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If you visit the following URL in a web browser: http://sourceforge.net/projects/jpype/files/JPype/0.5.4/JPype-0.5.4.1.zip/download

it will show you a web page, and at the same time will send you a file attachment to download.

How they do this? One possibility would be that the web page had a redirection with javascript, and the browser stays in the same web page because the redirection is a file attachment and not a new html page. However, I didn't find such a redirection in that web page.

How they do that?

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2 Answers 2

Use iframe set the download file location in the iframe's src attribute. I remember some sites used to open a small popup for the download and the popup closes as there are no html response (however, popups are these days blocked).

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I don't see an ifram in the example of sourceforge I gave. –  David Portabella Sep 7 '10 at 8:05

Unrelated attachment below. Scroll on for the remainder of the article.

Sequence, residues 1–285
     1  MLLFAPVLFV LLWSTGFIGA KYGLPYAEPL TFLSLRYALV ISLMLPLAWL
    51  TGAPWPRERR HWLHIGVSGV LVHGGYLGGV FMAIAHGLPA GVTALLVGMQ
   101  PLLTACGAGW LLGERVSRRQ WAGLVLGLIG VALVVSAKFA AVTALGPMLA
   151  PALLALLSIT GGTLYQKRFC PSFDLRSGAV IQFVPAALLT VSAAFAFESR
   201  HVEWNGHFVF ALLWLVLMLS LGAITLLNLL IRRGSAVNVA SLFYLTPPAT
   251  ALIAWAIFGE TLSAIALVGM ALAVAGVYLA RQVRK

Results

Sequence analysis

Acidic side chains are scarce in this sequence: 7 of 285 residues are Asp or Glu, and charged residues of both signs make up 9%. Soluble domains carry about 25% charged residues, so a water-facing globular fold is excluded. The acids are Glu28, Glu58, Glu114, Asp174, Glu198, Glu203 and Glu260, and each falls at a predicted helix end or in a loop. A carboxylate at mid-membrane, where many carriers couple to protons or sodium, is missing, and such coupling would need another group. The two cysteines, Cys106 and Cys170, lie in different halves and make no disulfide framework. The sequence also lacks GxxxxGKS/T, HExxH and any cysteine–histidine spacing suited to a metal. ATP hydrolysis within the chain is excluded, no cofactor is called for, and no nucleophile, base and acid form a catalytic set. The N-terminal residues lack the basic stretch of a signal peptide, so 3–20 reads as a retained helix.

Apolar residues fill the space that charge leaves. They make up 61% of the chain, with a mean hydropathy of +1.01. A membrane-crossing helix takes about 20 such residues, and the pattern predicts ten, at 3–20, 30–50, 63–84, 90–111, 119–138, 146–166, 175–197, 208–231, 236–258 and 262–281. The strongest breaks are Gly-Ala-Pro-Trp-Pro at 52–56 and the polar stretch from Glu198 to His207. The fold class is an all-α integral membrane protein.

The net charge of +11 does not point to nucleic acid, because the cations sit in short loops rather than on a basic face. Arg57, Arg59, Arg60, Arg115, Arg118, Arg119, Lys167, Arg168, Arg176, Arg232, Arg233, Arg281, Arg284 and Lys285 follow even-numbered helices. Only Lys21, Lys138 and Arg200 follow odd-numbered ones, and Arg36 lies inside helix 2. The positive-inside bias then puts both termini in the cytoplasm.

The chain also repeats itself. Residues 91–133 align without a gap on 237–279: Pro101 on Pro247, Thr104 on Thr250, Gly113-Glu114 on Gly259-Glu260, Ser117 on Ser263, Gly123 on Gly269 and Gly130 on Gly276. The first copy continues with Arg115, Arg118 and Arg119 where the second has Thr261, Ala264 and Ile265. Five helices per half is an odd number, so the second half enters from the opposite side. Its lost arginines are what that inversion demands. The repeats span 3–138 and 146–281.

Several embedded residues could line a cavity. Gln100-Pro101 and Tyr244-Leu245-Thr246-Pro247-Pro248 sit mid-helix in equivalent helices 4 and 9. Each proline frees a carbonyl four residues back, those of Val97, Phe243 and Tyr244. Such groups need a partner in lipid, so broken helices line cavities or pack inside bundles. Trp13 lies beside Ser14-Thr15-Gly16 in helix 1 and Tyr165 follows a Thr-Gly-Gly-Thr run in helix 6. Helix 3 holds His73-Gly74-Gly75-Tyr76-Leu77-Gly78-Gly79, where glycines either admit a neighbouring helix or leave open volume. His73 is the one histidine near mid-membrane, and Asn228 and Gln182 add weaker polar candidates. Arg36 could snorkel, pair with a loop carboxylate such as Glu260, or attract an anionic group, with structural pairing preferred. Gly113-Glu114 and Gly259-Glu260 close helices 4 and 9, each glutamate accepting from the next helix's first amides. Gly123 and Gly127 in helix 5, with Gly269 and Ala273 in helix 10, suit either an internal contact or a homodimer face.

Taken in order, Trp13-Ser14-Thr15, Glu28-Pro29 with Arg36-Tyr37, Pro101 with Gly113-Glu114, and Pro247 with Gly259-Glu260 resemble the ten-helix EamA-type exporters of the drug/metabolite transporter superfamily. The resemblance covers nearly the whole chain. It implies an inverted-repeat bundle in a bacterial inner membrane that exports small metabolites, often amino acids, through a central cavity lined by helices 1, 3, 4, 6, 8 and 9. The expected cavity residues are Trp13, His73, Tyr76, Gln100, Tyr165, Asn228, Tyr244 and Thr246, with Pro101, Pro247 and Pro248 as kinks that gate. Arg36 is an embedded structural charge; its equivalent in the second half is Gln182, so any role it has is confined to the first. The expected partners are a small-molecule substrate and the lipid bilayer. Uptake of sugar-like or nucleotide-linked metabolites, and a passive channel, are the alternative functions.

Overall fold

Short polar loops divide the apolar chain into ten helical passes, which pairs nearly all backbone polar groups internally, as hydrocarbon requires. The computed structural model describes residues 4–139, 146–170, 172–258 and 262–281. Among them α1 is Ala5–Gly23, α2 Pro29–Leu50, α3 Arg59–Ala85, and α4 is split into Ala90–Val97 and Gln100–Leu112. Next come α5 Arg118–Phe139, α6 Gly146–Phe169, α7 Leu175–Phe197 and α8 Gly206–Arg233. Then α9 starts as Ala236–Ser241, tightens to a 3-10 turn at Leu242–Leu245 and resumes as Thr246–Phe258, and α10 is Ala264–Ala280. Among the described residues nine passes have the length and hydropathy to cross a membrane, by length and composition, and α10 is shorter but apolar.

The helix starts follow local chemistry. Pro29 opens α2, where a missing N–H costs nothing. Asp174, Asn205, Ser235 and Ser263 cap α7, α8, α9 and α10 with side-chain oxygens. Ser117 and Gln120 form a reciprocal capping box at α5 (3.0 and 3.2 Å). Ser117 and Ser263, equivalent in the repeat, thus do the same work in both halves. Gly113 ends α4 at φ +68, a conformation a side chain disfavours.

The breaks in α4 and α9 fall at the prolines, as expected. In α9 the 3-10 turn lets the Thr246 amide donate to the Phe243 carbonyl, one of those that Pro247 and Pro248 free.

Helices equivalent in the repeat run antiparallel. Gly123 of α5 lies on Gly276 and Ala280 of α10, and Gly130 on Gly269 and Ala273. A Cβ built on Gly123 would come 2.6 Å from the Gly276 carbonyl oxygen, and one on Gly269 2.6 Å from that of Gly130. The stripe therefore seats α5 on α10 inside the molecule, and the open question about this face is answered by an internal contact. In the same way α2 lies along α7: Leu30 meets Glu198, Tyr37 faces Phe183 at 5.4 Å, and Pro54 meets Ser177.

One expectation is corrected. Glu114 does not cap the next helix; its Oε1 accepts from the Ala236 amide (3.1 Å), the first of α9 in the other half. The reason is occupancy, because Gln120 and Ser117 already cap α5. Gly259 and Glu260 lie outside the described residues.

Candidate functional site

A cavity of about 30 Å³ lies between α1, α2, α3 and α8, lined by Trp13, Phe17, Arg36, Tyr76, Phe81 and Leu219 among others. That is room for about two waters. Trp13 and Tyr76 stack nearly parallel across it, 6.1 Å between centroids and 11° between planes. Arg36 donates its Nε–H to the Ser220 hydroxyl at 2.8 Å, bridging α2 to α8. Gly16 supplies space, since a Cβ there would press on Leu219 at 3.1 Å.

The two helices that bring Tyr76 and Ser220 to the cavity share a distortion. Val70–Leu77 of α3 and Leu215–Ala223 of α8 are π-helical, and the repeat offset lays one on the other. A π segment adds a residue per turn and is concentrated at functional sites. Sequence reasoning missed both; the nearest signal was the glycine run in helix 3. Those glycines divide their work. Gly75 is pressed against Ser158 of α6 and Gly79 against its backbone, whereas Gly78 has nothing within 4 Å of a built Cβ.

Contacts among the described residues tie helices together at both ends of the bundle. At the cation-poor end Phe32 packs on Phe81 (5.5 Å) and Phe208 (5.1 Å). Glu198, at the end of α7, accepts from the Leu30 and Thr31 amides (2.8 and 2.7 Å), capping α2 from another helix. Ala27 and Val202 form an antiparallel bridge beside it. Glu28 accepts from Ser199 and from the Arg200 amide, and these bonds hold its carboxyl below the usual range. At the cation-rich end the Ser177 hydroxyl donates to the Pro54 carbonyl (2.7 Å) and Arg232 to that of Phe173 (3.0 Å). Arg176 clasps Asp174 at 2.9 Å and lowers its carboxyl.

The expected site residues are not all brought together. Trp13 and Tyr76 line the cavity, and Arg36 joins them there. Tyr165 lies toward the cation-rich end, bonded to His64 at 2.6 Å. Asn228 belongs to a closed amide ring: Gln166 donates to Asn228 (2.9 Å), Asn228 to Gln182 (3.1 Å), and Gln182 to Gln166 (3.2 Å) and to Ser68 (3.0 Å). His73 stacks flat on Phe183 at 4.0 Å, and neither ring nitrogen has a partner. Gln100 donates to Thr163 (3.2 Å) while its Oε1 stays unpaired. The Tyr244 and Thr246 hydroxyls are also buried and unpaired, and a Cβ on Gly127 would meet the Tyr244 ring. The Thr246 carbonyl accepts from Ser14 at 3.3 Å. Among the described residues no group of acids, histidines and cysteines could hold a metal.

I understand that there are different ways to do that, but I am asking how it is usually done. –  David Portabella Sep 7 '10 at 8:06

As soon as the page opens, using Javascript window.location='....', the page can access a second link, which sends a download.

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this is the javascript redirection I mentioned. However, I don't see that in the example of sourceforge I gave. I understand that there are different ways to do that, but I am asking how it is usually done. –  David Portabella Sep 7 '10 at 8:07
    
Oh, they use Javascript, it's just too obfuscated to understand what's going on, but basically they use javascript to redirect the user. They may use it also to create an iframe, but there's no point in that once you use Javascript. Tried to find out exactly, but Google Chrome's profiler crashes when the download starts, and Safari itself crashes. It is simple actually, an address is loaded, next to the main page, and that can only happen in an iframe, or using Javascript. No other ways using HTML and JS. –  AlexanderMP Sep 14 '10 at 14:45

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